Unlocking the potential of digitization for small and medium businesses is the hallmark of Amazon Web Services’ mission in the Philippines.
At the core of this mission is the Lift program, designed to help SMBs kickstart their digitization journey with AWS. AWS launched the program five months back in the Philippines and Singapore and extended the program to include four more countries in the region.
“It’s been five months since we launched this in the Philippines, and we see really good traction and very diverse industry players. When we launched this, what we wanted to do was make it really easy for SMBs to experiment. What this program does is it gives essentially a startup pack of cloud credits for one year. There is no login, there are no hidden fees. Essentially, as soon as SMB is billing $1, they can start accessing our credits. It’s tiered over one year depending on the usage. They can unlock up to $83,500 in promotional credits, which is a significant amount for SMBs,” said AWS managing director of mid-market and SMB in ASEAN Gunish Chawla.
“SMBs are looking to adapt their business models given the current macroeconomic environment, and this is where technology can help. AWS is enabling SMBs to be more innovative and resilient as they accelerate transformation in the face of ambiguity and change. Through programs such as AWS Lift, we are demonstrating our commitment to invest in and power SMBs of every size and every industry in Philippines to digitize their business and unlock their economic potential,” he said.
As of February 2023, the AWS Lift program was running in Singapore, Philippines, Australia, Japan, India and New Zealand.
In collaboration with AWS partners, the solutions provider wants to make cloud accessible for all SMBs and being a unique segment, to tailor-fit the programs and ensure that, as a cloud solutions provider, it is accurately serving the needs of Philippine SMBs.
AWS is committed to supporting the digitization of SMBs with the power of cloud computing. With the majority of countries across Asia Pacific and Japan predicting a recession or slower economic growth in 2023, SMBs are under pressure to cut costs, in particular, to manage IT budget cuts. At the same time, SMBs recognize the importance of technology and the need to make IT investments.
As cloud computing is rapidly becoming the new norm in business operations, AWS is aware of the struggle SMBs face in pivoting to the cloud and the need to enhance technical expertise and skills of the workforce.
AWS noted that many SMBs may not feel confident to drive cloud implementations on their own as typically they either have very small IT teams or they might be using external vendors for managing IT premises. AWS is offering a global community of 100,000 partners that can leverage on AWS technology to build solution and services for SMB customers, working across a wide variety of use cases.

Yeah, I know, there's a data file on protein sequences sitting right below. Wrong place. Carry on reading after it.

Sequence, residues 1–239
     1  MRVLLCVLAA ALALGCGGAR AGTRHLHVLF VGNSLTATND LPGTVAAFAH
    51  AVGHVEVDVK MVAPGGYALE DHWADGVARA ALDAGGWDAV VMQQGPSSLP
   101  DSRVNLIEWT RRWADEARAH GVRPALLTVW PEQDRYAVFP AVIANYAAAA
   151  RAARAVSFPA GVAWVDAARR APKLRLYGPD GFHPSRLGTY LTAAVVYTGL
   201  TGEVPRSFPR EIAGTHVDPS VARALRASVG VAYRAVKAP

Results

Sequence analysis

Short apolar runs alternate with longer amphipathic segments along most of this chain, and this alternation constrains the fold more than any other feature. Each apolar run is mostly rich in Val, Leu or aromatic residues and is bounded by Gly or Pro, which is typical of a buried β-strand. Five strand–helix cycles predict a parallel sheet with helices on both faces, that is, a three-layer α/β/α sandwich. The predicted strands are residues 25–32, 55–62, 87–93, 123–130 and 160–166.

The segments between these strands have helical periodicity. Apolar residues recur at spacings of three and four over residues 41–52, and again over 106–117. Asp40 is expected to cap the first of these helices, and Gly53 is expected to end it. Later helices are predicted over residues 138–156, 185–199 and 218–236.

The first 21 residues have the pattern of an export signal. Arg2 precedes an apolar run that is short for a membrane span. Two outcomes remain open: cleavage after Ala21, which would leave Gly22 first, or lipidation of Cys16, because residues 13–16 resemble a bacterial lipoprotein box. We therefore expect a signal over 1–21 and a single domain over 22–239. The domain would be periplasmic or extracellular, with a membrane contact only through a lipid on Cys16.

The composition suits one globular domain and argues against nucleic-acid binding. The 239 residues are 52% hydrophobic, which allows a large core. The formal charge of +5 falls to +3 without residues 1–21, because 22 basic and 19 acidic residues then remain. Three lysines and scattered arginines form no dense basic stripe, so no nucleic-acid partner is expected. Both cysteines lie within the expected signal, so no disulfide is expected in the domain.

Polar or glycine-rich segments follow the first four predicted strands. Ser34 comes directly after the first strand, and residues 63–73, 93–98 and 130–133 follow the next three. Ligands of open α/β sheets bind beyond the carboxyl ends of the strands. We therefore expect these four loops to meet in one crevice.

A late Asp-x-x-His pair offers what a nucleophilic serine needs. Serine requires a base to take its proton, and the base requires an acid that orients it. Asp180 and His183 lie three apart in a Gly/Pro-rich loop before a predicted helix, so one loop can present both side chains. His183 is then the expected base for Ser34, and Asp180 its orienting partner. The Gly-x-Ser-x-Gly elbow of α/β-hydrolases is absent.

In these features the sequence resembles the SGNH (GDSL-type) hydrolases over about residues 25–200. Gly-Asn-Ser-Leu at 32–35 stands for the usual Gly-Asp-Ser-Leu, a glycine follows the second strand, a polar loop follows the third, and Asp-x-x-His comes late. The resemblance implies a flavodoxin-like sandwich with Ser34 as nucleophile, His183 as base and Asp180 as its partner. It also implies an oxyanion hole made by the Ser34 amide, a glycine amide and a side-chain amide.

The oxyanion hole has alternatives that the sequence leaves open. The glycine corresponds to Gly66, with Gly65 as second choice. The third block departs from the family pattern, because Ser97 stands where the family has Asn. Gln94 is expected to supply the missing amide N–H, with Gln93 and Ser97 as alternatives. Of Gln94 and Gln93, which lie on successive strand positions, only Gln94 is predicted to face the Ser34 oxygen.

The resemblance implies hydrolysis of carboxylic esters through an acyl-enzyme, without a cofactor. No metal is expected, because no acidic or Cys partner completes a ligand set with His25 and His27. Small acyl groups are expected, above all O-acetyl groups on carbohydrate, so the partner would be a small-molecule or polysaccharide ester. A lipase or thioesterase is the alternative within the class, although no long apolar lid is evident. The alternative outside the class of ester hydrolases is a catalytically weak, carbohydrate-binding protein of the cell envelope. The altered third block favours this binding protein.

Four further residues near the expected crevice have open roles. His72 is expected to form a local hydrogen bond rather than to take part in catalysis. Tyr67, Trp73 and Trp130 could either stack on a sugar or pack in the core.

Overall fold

“We are deeply invested in helping the Philippines address this digital skill shortage and the way we do it, it’s through digital education and training support. So we’ve actually made digital training built by AWS experts available through qualified AWS instructor-led classes. If we want to build a strong future for our business in Philippines, this goes very much hand in hand with providing skills and training locally,” Chawla said.
AWS collaborated with the Department of Trade and Industry and the ASEAN Business Council in the establishment of the ASEAN SME Academy 2.0 which was launched in April 2022. The academy offers online training to SMBs to upskill the workforce following a DTI-AWS memorandum of understanding to extend AWS upskilling programs to SMEs and startups starting February 2023.
The technology firm also teamed up with several government agencies to deliver workshops and trainings raising awareness on disruptive innovations and emerging technologies.
The Philippines is undergoing rapid digital transformation and is heavily reliant on a digital workforce equipped to meet the rising demand for cloud computing. Unlocking the country’s digital potential requires a strong digital workforce and tech professionals with relevant and current digital skills to keep up with the pace of change.
The AWS Training and Certification team launched the AWS re/Start program in the Philippines in February 2022. As of today, AWS re/Start is working with two collaborating organizations to help close the country’s skills gap and inspire unemployed, underemployed, and transitioning Filipino learners to consider a career in cloud computing..